But God clearly had other plans for my life. Yes, my entire life has been littered with trauma and pain. But that doesn’t mean that God cannot use it for His glory. Some day, God will use me to take all of this pain and use it to help other people on their journeys towards healing from abuse.

So although today would be my 27th anniversary, I’m not going to spend this day alone and depressed. I’ll be celebrating the birth of my Savior today. I’ll be spending today with my kids and grandkids.

Today, I will focus on love, and continued healing, while being grateful for God’s mercy and abundant blessings.

To those of you who are struggling this Christmas, know that you are not alone, and know that you are loved.

And as you are unwrapping presents and enjoying all sorts of delicious food, remember that no matter what you have been through, no matter how much you are hurting, or how alone you feel right now, Jesus Christ was born on this day, so that He could hold you in the palm of His hand and love you back to life.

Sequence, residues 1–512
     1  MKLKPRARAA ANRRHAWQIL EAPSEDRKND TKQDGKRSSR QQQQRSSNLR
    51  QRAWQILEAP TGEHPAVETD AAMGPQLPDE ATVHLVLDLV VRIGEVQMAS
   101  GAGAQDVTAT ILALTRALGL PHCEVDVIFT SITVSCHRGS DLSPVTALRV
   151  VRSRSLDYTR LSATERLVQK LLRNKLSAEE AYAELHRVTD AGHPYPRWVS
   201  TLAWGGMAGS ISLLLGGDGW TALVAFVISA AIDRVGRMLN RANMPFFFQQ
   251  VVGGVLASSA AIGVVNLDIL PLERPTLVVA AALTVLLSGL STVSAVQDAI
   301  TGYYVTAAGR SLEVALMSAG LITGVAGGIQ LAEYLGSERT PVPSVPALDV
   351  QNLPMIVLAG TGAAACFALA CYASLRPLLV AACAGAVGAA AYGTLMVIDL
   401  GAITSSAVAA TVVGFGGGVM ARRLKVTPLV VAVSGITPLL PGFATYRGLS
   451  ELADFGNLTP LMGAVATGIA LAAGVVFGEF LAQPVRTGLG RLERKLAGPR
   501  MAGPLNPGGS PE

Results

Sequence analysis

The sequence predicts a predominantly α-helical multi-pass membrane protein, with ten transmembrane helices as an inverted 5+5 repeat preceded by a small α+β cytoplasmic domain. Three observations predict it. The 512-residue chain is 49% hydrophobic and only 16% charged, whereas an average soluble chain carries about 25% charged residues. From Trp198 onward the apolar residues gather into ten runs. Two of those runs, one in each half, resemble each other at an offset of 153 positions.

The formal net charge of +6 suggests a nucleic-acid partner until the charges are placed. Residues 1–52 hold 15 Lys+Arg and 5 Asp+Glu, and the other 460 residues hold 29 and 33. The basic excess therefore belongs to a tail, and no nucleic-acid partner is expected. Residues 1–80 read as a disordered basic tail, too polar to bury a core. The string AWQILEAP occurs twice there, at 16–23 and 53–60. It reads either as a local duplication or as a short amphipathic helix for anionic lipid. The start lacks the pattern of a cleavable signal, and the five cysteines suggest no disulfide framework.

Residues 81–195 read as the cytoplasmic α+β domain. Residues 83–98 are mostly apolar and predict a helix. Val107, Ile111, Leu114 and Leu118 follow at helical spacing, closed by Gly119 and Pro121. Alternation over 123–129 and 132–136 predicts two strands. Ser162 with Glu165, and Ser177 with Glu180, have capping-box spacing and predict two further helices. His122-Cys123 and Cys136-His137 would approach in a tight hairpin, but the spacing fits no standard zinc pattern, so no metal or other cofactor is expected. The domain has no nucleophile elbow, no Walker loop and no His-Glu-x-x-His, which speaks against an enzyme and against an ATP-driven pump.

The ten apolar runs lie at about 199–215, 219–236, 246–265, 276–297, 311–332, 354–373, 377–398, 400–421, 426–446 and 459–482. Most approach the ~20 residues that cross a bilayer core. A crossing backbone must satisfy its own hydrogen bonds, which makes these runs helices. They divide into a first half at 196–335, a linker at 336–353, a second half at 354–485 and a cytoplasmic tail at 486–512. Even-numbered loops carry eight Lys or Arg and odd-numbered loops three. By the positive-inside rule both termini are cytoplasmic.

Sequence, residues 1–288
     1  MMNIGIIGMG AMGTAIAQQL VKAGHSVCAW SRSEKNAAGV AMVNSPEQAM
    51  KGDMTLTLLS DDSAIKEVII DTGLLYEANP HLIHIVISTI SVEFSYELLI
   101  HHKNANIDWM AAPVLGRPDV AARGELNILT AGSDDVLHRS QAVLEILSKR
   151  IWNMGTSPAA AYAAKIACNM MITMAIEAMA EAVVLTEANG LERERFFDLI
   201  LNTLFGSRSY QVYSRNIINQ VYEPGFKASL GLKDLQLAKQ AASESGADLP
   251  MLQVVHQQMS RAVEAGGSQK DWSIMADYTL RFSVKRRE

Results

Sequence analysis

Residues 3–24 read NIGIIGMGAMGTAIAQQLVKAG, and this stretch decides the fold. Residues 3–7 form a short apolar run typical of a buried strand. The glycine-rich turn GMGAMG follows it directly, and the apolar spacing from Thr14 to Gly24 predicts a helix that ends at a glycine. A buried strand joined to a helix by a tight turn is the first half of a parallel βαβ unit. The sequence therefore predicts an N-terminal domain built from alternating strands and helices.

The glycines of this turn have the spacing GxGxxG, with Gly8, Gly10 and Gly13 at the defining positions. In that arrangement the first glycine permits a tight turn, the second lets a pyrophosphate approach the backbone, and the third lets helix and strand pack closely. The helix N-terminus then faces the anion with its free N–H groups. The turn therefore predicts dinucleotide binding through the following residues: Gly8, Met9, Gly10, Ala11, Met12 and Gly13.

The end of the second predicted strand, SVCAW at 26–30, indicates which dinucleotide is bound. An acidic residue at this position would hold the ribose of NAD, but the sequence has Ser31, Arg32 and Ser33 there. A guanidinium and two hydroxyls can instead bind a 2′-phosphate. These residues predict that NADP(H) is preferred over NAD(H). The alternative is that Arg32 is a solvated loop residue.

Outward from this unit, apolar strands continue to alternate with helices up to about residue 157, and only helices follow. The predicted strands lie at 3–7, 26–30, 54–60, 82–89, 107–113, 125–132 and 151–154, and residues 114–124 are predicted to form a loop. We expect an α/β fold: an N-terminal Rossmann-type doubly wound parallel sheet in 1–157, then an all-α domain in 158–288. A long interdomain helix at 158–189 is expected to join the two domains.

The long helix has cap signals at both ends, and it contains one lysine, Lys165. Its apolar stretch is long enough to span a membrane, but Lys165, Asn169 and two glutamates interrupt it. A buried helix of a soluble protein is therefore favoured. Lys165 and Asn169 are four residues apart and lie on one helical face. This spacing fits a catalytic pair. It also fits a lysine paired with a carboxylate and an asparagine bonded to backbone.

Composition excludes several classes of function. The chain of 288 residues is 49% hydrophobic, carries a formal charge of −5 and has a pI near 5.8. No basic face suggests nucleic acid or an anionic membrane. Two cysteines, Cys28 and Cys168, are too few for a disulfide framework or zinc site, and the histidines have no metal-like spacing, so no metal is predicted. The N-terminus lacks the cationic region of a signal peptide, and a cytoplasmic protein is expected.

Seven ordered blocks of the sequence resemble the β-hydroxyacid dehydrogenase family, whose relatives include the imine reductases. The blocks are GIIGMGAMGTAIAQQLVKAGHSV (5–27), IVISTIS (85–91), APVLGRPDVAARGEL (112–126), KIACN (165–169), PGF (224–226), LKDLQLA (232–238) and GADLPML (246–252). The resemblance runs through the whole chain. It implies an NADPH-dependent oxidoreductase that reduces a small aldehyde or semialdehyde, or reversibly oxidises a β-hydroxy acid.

May each of you my beloved friends have a very safe and merry Christmas. Enjoy this special day with your loved ones. May God bless you all.

My Life After Abuse

Olivia Lucie Blake

Musings of a Millennial. Life, The World and Everything In Between.

Fighting for a Future

Supporting Survivors of Childhood Abuse and Complex PTSD

Spitfyre Phoenix Rising

Recovering from a lifetime of narcissistic abuse and reclaiming my mind, body, and spirit

Recovering from Narcissists

Narcissistic Abuse

A Blog About Healing From PTSD

Healing After Narcissistic Abuse & Complex Trauma